using the merged denoised and debiased training set to train a new classifier to classify user intent.
8. The computer-implemented process of claim 7, wherein the new classifier is used to learn user intent to improve user search results returned in response to a search query.
9. The computer-implemented process of claim 7, wherein the new classifier is used to learn user intent to target a user with on-line advertising.
10. The computer-implemented process of claim 1, wherein the user data comprises:
a set of users and for each user, a time the user conducted the user behavior, a query, a URL of any search results and a user intent label.
11. The computer-implemented process of claim 1, wherein using the confidence level to remove any noise and bias from the training data for that rule and any unlabeled data to create a denoised and debiased training data set for each rule, further comprising:
(a) using the group of classifiers to categorize the rule-based sets of noisy and biased training data and any unlabeled data;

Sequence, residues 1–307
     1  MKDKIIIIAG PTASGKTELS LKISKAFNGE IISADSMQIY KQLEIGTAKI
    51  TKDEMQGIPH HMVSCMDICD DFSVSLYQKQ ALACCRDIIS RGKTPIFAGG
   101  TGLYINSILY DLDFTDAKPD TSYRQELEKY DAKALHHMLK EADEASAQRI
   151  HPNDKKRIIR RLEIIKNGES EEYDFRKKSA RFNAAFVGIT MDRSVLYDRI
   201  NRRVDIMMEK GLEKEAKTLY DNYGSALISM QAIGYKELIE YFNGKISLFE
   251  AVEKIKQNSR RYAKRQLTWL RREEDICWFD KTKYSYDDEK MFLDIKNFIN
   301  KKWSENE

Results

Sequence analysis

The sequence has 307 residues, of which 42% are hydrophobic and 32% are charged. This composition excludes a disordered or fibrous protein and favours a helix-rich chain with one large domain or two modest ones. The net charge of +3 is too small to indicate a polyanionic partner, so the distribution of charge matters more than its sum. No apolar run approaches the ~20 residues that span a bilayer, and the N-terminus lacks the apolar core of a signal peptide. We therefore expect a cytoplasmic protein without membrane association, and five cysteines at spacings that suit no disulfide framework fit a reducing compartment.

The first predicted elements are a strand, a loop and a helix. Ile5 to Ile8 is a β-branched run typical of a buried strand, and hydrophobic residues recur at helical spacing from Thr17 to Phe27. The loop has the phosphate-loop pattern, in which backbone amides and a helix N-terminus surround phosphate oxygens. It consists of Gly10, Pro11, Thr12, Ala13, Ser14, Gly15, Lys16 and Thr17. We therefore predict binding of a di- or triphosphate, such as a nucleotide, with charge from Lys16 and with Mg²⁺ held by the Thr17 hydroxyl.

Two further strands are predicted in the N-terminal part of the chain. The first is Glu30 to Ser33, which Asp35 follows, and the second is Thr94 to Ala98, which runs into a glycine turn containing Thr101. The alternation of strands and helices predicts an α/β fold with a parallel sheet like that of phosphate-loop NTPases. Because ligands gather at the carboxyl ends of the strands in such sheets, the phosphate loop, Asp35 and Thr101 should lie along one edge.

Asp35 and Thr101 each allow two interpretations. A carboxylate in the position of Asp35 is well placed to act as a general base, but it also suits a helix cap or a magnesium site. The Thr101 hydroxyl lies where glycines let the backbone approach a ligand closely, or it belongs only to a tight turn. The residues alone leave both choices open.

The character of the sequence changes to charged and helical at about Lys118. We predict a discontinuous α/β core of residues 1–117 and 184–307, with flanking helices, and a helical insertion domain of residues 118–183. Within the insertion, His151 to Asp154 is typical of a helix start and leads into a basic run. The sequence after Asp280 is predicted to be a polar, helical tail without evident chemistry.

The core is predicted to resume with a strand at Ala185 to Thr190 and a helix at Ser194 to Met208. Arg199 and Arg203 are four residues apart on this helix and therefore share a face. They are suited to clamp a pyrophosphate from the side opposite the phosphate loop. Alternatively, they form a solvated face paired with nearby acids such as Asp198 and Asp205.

(b) obtaining a confidence level of the categorized rule-based sets of training data and any unlabeled data from the classifiers;
(c) for each classifier, for the training data and any unlabeled data classified by the classifier with a high confidence level, adding the training data and unlabeled data classified with a high confidence level to other training data sets, and adding training data not classified with a high level of confidence into the unlabeled data;
(d) repeating steps (a) through (c) until a stop criteria has been met.
12. The computer-implemented process of claim 11 wherein the stop criteria further comprises a predetermined number of iterations.
13. The computer-implemented process of claim 11 wherein the stop criteria further comprises the amount of added training data and unlabeled data classified with a high confidence level to other training data sets being small.